Published on: February 16, 2022
Yesterday I wrote about how there is a story making the rounds about how an Instacart shopper for a retailer, put out by what she viewed as "ridiculous" instructions from a customer, decided to go on TikTok to ridicule the customer….and that rant went viral, gaining well over 100,000 views. The reaction from the Instacart shopper, as well as people responding to the rant, can be described (generously) as dismissive of the customer, suggesting that she needed to do her own shopping and stop making unreasonable requests of Instacart employees.
I was appalled, and explained:
Were the customer's requests over the line? Sure. One might even say they were outrageous. However, let's not forget that this is the customer. Retailers are not supposed to be in the business of mocking their customers in public, and certainly not on social media.
When was the last time you read about a retailer "getting even" with a customer and thought to yourself, "Gee, that's a good thing."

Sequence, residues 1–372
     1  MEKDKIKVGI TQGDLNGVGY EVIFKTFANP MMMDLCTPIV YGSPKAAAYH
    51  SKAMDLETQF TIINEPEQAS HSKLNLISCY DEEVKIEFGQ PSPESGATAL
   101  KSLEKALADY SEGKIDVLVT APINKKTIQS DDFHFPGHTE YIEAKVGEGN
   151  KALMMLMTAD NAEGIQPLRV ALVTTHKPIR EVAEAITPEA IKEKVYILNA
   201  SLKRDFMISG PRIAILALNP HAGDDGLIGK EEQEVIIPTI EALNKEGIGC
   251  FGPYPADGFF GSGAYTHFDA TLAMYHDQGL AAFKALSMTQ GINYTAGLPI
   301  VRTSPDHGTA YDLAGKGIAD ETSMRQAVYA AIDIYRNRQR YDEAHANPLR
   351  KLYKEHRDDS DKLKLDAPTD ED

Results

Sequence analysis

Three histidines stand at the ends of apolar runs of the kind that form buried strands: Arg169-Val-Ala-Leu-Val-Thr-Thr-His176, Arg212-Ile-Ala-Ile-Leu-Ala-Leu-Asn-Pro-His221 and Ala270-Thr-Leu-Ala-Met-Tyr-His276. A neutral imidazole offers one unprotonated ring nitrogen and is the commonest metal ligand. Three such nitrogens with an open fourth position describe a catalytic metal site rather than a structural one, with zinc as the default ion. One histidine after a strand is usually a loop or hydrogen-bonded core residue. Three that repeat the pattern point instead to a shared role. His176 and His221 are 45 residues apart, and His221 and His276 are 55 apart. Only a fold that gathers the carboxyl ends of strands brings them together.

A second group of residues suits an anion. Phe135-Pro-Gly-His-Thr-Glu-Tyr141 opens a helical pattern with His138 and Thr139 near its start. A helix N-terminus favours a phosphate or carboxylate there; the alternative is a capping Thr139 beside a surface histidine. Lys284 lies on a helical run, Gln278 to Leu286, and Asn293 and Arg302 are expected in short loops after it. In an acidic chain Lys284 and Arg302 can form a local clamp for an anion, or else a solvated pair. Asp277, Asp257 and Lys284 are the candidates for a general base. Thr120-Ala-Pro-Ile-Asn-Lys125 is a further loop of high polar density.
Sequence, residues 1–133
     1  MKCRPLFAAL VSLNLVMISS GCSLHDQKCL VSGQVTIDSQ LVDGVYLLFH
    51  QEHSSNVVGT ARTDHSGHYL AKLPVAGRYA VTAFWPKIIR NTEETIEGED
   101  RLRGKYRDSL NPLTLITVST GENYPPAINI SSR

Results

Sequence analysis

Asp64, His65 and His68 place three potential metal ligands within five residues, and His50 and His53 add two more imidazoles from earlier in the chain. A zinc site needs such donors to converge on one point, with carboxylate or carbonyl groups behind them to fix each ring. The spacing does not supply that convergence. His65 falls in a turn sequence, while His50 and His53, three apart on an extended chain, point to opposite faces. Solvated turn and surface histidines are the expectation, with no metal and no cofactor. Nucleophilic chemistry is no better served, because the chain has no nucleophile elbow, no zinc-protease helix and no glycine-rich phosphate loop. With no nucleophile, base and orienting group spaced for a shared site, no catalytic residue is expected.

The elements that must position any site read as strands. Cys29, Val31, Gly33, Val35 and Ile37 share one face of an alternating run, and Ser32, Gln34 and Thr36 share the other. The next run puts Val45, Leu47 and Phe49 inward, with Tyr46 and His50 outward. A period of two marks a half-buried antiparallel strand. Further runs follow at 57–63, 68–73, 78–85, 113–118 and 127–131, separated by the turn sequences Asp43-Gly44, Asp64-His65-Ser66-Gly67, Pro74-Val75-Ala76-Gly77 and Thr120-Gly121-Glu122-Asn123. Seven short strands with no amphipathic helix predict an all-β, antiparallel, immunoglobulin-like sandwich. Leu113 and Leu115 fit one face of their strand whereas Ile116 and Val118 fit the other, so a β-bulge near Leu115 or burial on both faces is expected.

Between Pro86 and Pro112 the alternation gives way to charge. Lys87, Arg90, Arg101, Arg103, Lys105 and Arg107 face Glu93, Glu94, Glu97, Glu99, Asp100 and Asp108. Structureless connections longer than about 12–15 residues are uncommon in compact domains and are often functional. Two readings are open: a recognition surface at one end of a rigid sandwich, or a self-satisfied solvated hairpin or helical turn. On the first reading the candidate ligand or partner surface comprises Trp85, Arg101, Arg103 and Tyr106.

By the way, one interesting thing about the stories I read was that the retailer involved never was named. Now, if I'm the retailer, I think to myself, "How great is it that our name never came up." And then I think to myself, "Wait a minute. This shopper, unreasonable as he/she may be, is supposed to be my shopper … and now the business with which I have contracted to provide certain services is out there mocking him/her? And how did I get so disintermediated from the store-shopper relationship that I seemed to be irrelevant to the experience?"
Even if the customer was unreasonable, it may be that he/she had a previous bad experience, which led to those demands. (The text of his/her messages suggests that this is precisely the case.) By going onto social media to mock the customer, at no point was any effort apparently made to address whatever those concerns happened to be.
If I am that customer, I'm pissed off. At Instacart. At the shopper. And almost certainly at the retailer with which I thought I was doing business.